Can Anyone Build This Bird a Home
Trashing an endangered species' nesting ground was easy, but repairing the damage proved quite another matter
Can people replace Mother Nature? That's the question behind ecologist Joy Zedler's research in San Diego's Sweetwater Marsh. She's found a great test case in the thigh-high cordgrass stretching along the southeastern curve of San Diego Bay. This broad, flat salt marsh is home to two endangered birds and one endangered plant. This marsh is also where engineers chose to widen Interstate 5, add a giant freeway interchange and dredge a flood-control channel during the 1980s.
Heavy construction is not exactly recommended for endangered species, but the U.S. Fish and Wildlife Service made a deal with the builders: They could wreck part of the marsh if they promised to replace it by building new habitat just like Mother Nature used to make.
But is this possible? In one of the most detailed studies of its kind, Zedler and her graduate students have been looking at five years of restoration work at Sweetwater to see whether the human-made marsh works like a natural one. She speaks quietly but passionately about the importance of the question. Thousands of builders across the country are clinching deals like the Sweetwater swap, wrecking wetlands and promising to rebuild them. But suppose these artificial marshes don't turn out like real ones? Zedler asks the obvious question, "If people don't know enough to restore a wetland, why should they be allowed to destroy it?"
Americans are destroying wetlands faster than an acre every two minutes. The Lower 48 states have already lost half of their original wetlands acreage.
The future does not look good. Americans tend to cluster along the coasts, the zone richest in wetlands. In 1988, 54 percent of the population lived within 50 miles of a coast. That population-129.5 million people—is growing, but the acreage isn't.
Among laws protecting these treasures, the one with the greatest impact has been the Clean Water Act. Its section 404 requires a permit from the Army Corps of Engineers before anyone dredges, fills or otherwise affects a wetland. Before granting that permit, the Corps requires plans to offset unavoidable damage, either by creating wetlands from scratch or by restoring a degraded area. These trades, called mitigations, are boosting the new field of restoration ecology. Its premise is unquestionably lovely—learning to repair the damage people have done to the Earth—but restoration becomes controversial when used as a lever to get permits to do more damage.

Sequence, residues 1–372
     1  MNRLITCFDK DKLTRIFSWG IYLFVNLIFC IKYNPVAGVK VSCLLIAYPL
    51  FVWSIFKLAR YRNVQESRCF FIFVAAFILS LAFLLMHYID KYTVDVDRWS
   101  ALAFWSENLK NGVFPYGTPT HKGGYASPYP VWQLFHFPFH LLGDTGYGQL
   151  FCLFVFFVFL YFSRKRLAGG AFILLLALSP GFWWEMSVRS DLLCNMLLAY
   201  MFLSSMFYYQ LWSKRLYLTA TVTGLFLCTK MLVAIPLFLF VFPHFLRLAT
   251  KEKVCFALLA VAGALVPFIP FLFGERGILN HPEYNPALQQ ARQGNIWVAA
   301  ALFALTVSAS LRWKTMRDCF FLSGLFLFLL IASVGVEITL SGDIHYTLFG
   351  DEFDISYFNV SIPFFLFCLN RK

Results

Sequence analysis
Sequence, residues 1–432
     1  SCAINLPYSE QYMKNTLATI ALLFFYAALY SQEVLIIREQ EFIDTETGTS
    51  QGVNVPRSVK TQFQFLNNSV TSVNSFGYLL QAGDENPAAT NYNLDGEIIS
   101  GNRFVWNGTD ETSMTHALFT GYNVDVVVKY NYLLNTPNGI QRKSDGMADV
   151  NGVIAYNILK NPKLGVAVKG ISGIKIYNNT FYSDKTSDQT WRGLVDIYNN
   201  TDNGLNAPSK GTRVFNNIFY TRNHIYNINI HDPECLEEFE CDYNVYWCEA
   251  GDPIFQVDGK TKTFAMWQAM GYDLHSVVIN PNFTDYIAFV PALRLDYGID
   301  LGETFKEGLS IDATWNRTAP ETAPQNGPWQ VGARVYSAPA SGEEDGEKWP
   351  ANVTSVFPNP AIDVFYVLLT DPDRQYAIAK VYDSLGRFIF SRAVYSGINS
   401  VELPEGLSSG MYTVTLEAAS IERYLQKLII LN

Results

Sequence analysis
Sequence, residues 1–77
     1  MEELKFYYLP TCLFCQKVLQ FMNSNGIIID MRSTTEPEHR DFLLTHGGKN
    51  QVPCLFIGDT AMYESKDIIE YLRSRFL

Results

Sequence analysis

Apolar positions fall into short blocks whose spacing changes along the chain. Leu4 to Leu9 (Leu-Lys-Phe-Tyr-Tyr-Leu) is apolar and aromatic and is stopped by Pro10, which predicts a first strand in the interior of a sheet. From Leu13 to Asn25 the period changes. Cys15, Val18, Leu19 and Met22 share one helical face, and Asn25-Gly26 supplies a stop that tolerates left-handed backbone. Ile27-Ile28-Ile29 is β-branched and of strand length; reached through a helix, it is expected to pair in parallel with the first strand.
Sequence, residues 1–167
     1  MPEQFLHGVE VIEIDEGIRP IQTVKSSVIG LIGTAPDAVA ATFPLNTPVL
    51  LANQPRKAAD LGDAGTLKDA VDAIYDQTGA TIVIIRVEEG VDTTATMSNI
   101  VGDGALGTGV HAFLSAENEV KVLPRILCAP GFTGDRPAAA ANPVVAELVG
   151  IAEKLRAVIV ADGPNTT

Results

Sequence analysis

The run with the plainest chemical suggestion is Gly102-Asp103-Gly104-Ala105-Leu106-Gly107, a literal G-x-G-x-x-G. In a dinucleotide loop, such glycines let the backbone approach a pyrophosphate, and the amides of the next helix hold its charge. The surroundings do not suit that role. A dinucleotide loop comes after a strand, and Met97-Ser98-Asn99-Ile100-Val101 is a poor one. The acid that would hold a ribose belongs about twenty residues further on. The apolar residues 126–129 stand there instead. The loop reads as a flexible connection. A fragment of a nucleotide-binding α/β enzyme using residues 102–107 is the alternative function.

This process is particularly contentious in California because the Golden State is developing so fast. The population grew 24 percent between 1981 and 1991. "Everything here is groaning—highways, airports, sewage systems," says Zedler. People have wiped out 91 percent of the state's wetlands. All the creatures specially adapted to these wet zones must crowd into the remaining 9 percent. And that's impossible. Zedler refers to Harvard biologist E.O. Wilson's theory of island biogeography, which predicts that loss of such massive blocks of habitat will kill off 50 percent of these species.
Stakes are high here for conservationists as well as for developers. Buying part of a wetland in order to protect it in this region recently cost one group $1.36 million for 4 acres.
One of the biggest challenges in protecting Sweetwater is saving one of the endangered birds, the light-footed clapper rail. Pairs still nest in cordgrass that escaped destruction by the highway. They slip through the cordgrass, detectable only by their clapping call. Zedler imitates it by smacking her palms together. Occasionally a bird-watcher sights one: a little brown hen of a bird with long legs and a curved beak. These rails were listed as endangered in 1970, and only 257 breeding pairs are known to remain in the country.
Their nesting ground on the eastern edge of the marsh illustrates perfectly how close development looms to coastal marshes. The rails' clapping is hard to hear over 144,000 cars and trucks a day that use Interstate 5 just yards to the east. The nesting ground also has a great view of National City Self Storage and Denny's In-N-Out Burger. Even though this is supposed to be a haven for ground-nesting birds, evening strollers let their dogs run freely. The only rail that many visitors see in Southern California is a stuffed one behind the reception desk at nearby Tijuana estuary reserve. The plaque on the display's base reads "Killed by a cat."